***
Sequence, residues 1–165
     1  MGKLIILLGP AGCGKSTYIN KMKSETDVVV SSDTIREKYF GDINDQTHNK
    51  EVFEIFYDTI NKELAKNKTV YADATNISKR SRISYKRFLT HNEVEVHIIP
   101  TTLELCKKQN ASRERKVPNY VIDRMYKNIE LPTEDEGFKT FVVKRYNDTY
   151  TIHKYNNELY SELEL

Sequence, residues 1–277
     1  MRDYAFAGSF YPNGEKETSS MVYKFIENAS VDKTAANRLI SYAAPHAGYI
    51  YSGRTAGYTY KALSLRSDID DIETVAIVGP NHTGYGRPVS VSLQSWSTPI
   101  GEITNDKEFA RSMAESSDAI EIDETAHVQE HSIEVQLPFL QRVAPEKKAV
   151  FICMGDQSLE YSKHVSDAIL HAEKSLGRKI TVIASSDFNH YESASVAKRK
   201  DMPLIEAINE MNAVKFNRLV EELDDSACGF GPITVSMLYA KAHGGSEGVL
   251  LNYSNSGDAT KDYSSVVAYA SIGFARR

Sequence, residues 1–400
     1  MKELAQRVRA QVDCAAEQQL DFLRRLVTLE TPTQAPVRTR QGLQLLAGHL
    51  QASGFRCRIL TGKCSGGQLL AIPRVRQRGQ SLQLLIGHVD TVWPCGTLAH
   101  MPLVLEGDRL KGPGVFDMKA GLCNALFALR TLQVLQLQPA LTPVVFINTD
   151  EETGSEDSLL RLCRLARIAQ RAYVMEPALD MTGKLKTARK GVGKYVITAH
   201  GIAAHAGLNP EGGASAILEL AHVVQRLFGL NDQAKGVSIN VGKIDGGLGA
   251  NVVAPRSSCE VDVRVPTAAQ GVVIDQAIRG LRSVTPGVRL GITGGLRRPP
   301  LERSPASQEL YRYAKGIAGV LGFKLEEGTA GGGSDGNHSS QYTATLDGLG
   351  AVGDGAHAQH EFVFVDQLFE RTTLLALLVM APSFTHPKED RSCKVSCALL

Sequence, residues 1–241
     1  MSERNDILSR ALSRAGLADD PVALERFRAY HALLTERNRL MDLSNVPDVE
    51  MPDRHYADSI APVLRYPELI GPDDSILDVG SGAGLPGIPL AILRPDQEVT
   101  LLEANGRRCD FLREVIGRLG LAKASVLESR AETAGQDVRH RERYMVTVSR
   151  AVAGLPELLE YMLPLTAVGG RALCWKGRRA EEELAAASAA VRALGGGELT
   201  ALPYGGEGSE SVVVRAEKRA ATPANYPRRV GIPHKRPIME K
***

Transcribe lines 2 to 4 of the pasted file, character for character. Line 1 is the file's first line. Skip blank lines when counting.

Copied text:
     1  MGKLIILLGP AGCGKSTYIN KMKSETDVVV SSDTIREKYF GDINDQTHNK
    51  EVFEIFYDTI NKELAKNKTV YADATNISKR SRISYKRFLT HNEVEVHIIP
   101  TTLELCKKQN ASRERKVPNY VIDRMYKNIE LPTEDEGFKT FVVKRYNDTY